Can you sew? Sewing is a life skill, from simple mending, buttons, and hems, patches or seam repair to making your own clothes. You can make your own bras and panties, which is totally liberating!

Can you cook? Do you know your way around your kitchen, know the basics of measurements, the chemistry of salt and sugar in your baked goods? Do you know the components of balanced nutrition?

Can you build a fire? You can heat your environment, dry your clothes, and cook for yourself on a small fire.

What’s so fucking punk about that shit? Changing tires and building fires! I don’t need to sew my own bras, I can easily walk into just about any supermegagrocerydepartment store and buy a new one!

Ah, yes. Buy more stuff. DIY empowers you to make new shit out of your old shit, fix the shit you have and, transmorgify merely OK shit into outstandingly rad shit.

Making your own stuff is crazy empowering. Even if what you’re making is a little janky around the edges, you made it. Radical self-reliance, and maybe a little bit of radical self-congratulations are in order.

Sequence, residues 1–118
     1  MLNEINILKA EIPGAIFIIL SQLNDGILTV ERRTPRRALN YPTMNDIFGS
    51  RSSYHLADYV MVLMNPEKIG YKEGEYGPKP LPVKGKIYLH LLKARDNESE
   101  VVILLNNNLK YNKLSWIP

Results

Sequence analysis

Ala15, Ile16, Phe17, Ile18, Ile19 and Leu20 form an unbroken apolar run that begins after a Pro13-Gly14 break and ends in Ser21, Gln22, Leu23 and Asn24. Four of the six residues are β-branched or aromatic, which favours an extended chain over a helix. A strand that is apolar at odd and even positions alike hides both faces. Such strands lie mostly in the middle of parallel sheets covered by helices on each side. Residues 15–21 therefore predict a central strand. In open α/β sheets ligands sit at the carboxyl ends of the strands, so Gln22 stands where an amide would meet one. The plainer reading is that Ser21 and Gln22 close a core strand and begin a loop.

DIY in all it’s flavors creates agency and social capital, but what the hell does having agency mean?

At it’s most basic it means that someone has the ability to act independently and make their own choices with free will.

I’m pretty sure most of us think we already do that. But do we really?

When we go to the supermegagrocerydepartment store we have choices, often too many, and we’re confronted with deciding which thing you will choose from the selection at hand. That’s not quite “agency” as I mean it here. Although it can empower agency!

If I went to the supermegagrocerydepartment store looking for clothes to make myself presentable to the public, but nothing fits my body, or suits my personal style, but I see things I kind of like—a detail from this, the shape of that, the material of this thing. As I walk around I pieced together something I would like to wear if it existed, designing, scheming, taking an inventory of what I have at home that I can transform. In this scenario, I would go home, find things that I haven’t worn in a while or that I don’t quite like anymore and remake them into something new that fits great and looks amazing. THAT is having some agency.